The Amazon Echo, Dot and other Alexa-enabled devices don’t often play well together in the same house – particularly if they’re within earshot of each other. That wasn’t a problem because most of us had only one smart speaker – if we had any at all.
But that’s changing fast. Amazon says the number of households with more than one smart assistant-enabled device doubled last year. That lends credence to an independent survey taken late last year declaring that nearly 1 in 4 US households had a voice-enabled device inside – and about 40 percent of those have more than one.
Which can only mean that more of us are experiencing the headaches of these early days in the Alexa multi-device experience.
Seen in that light, mesh Wi-Fi pioneer Eero, which Amazon announced it was buying , is not just another pretty peripheral in the online shopping giant’s growing connected home portfolio, like ecobee and Ring, which the company invested in last year.
More likely, Eero’s whole-home networking smarts will turn out to play a pivotal role in making Alexa intuitive to use, smartly identifying where you are and what devices should listen and respond to you. And oh, by the way, offer more privacy. That’s a far cry from how it works today.
I live in one of those multi-device households. We’ve got four voice-activated Alexa devices – an Amazon Echo, an Orbi Voice mesh network from Netgear and two ecobee4 thermostats. And if we’re in the kitchen, all four devices can hear us. Which, if you’ll pardon the pun, is a recipe for disaster.
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The thermostats are usually the first to grab requests for cooking timers and mood music. One ecobee4 thermostat tells us it isn’t built to fulfill our request. And the other informs us that the Alexa cloud service is unavailable – no doubt because the first voice-enabled thermostat is engaging it. Meanwhile, Echo and Orbi Voice, the two full-featured Alexa devices that round out our collection, sit idle.
We’ve since disabled Alexa in the thermostats. But that just brought to light new issues.
The Echo sits by the dining room table, with line of sight to the stove not 20 feet away. The Orbi Voice unit is twice as far, with two walls between. Yet it inexplicably answers calls for a cooking timer which, due to the walls and distance, we have trouble hearing when it goes off and even more trouble canceling. Because while Orbi Voice can hear us perfectly well when we want to set a timer, the alarm drowns out our pleas to turn it off.
It doesn’t have to be this way. And building the on-site command-and-control center around Eero will go a long way toward taking the whole-home Alexa experience to the next level.
The concept is simple, at least in theory. In tech, they call it “hybrid cloud,” or “intelligent edge.” Rather than putting most of the intelligence in the cloud, as the Alexa service is now designed, an on-site hub would have the authority and the smarts to run things locally. Which means that unless it’s downloading a new song you asked it to play or looking up something for you on the internet, it wouldn’t be connected to the cloud service.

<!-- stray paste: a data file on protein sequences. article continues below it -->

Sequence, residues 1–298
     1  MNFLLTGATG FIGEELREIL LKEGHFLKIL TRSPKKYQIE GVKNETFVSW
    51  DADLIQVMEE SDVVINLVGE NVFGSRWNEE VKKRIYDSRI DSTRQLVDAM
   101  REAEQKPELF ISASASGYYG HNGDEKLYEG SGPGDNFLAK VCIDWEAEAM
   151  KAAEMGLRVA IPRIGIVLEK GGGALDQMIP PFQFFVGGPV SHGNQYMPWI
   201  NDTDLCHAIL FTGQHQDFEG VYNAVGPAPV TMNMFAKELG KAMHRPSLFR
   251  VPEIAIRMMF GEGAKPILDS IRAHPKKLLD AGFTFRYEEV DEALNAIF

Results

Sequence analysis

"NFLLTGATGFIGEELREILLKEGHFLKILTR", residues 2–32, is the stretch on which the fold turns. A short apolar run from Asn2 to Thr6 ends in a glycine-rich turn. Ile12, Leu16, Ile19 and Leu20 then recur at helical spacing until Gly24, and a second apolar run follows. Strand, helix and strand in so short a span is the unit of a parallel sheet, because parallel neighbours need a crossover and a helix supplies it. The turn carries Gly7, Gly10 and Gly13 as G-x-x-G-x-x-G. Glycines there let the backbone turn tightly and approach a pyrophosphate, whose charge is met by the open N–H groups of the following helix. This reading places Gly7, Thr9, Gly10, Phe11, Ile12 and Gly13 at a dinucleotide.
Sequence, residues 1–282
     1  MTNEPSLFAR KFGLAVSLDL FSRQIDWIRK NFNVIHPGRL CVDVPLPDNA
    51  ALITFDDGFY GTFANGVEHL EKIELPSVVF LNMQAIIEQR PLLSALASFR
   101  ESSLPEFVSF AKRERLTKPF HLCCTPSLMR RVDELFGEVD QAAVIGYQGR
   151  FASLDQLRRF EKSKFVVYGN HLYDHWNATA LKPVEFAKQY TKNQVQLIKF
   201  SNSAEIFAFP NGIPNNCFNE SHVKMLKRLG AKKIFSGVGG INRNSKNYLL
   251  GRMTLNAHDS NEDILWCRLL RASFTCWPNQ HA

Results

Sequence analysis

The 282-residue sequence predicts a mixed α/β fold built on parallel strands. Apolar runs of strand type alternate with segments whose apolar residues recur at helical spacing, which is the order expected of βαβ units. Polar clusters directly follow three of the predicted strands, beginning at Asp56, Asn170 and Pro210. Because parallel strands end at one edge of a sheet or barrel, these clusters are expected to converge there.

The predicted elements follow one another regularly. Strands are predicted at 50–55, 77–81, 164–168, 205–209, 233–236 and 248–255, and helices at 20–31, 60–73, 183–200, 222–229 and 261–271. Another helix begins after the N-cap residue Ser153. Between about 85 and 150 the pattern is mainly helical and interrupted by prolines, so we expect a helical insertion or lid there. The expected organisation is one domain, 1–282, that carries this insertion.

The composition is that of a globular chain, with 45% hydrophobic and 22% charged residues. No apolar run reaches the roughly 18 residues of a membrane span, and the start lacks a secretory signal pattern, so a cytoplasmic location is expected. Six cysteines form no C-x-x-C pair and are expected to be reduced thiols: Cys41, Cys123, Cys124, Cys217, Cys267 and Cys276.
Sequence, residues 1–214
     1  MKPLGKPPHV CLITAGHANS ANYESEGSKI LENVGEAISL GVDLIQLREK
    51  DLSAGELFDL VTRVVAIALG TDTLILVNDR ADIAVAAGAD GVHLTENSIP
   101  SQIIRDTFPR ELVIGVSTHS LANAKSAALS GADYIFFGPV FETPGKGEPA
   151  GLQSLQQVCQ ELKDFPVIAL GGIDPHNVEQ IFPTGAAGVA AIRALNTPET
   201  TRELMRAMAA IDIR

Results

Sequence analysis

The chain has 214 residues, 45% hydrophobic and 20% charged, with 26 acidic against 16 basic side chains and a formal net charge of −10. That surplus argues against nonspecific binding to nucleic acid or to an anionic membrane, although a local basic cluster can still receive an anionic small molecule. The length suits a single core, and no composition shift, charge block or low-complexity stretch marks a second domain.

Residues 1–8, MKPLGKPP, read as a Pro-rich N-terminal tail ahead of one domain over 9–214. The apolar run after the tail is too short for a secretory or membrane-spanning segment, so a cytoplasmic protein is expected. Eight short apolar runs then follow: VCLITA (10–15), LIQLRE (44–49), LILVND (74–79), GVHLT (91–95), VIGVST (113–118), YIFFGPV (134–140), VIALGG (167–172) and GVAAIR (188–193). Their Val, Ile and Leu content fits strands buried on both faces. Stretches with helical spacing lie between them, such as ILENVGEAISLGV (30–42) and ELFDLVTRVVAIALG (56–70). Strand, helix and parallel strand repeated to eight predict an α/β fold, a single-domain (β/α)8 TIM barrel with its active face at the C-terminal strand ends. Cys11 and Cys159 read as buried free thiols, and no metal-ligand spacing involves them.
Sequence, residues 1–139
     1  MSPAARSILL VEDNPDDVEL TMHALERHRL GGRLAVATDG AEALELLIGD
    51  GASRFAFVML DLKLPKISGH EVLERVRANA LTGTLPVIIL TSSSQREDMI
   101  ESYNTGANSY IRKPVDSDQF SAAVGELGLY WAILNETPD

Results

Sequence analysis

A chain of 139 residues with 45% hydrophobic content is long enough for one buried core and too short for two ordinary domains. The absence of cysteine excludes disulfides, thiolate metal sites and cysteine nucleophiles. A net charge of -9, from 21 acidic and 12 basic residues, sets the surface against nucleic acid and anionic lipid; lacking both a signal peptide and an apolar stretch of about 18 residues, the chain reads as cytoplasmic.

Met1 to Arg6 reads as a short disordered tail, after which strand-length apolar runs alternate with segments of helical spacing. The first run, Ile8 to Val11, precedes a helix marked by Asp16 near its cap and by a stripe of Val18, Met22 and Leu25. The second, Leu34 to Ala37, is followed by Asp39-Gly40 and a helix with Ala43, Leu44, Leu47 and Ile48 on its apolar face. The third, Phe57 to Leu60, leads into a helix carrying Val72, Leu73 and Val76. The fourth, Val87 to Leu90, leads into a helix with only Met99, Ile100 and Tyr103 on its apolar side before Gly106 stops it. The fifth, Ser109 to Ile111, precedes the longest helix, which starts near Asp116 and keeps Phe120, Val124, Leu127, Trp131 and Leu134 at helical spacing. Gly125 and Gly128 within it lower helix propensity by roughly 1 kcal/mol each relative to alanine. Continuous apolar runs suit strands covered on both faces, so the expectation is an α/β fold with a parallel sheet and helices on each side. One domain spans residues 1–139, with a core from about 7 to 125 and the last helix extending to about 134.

Such a setup would have myriad advantages. For one, Wi-Fi routers have gobs more processing horsepower than all the Echos and Dots you’d ever want to buy. And because it’s managing communications between all the connected devices, the intelligent hub would have a better view of the whole house. It would also have more data and smarts to help it decide which family member is asking for what – and from where in the house.
With all that capability and information, the hub would be able to handle more requests locally, which means it could still manage more household tasks, even when the internet goes down.
More local processing also means the service would respond more quickly. You can test this today by asking Alexa to turn off the lights. For us, it takes three or four seconds before the lights go dark. That’s because the cloud service is responding to the request. That’s not a big deal, in this case. But you can see how it could limit new uses.
If all that know-how sounds like a scary proposition from a privacy perspective, then it’s time to fill you in on perhaps the best benefit of Alexa 2.0: An intelligent edge architecture means that more command-and-control occurs inside the home, without ever involving the cloud service. That means, if the service is constructed correctly, that in more cases what happens at home stays at home.
There are more signs beside the Eero acquisition that suggests Alexa architects understand the benefits of hybrid cloud for their platform and are working toward it. Recently, in fact, Amazon announced it has granted Alexa certification to the reference design for Qualcomm’s mesh networking technology, upon which Eero is based. The kit will make it much easier to build voice-enabled smart home hubs, like Netgear’s Orbi Voice. And like what Eero presumably will build for Amazon.
That will be cool. For when that happens, we finally might end up with a truly smart home, as opposed to a collection of connected devices, which is pretty much what we have now.
Mike Feibus is principal analyst at FeibusTech, a Scottsdale, Arizona, market strategy and analysis firm focusing on mobile ecosystems and client technologies. Reach him at email@example.com. Follow him on Twitter @MikeFeibus.
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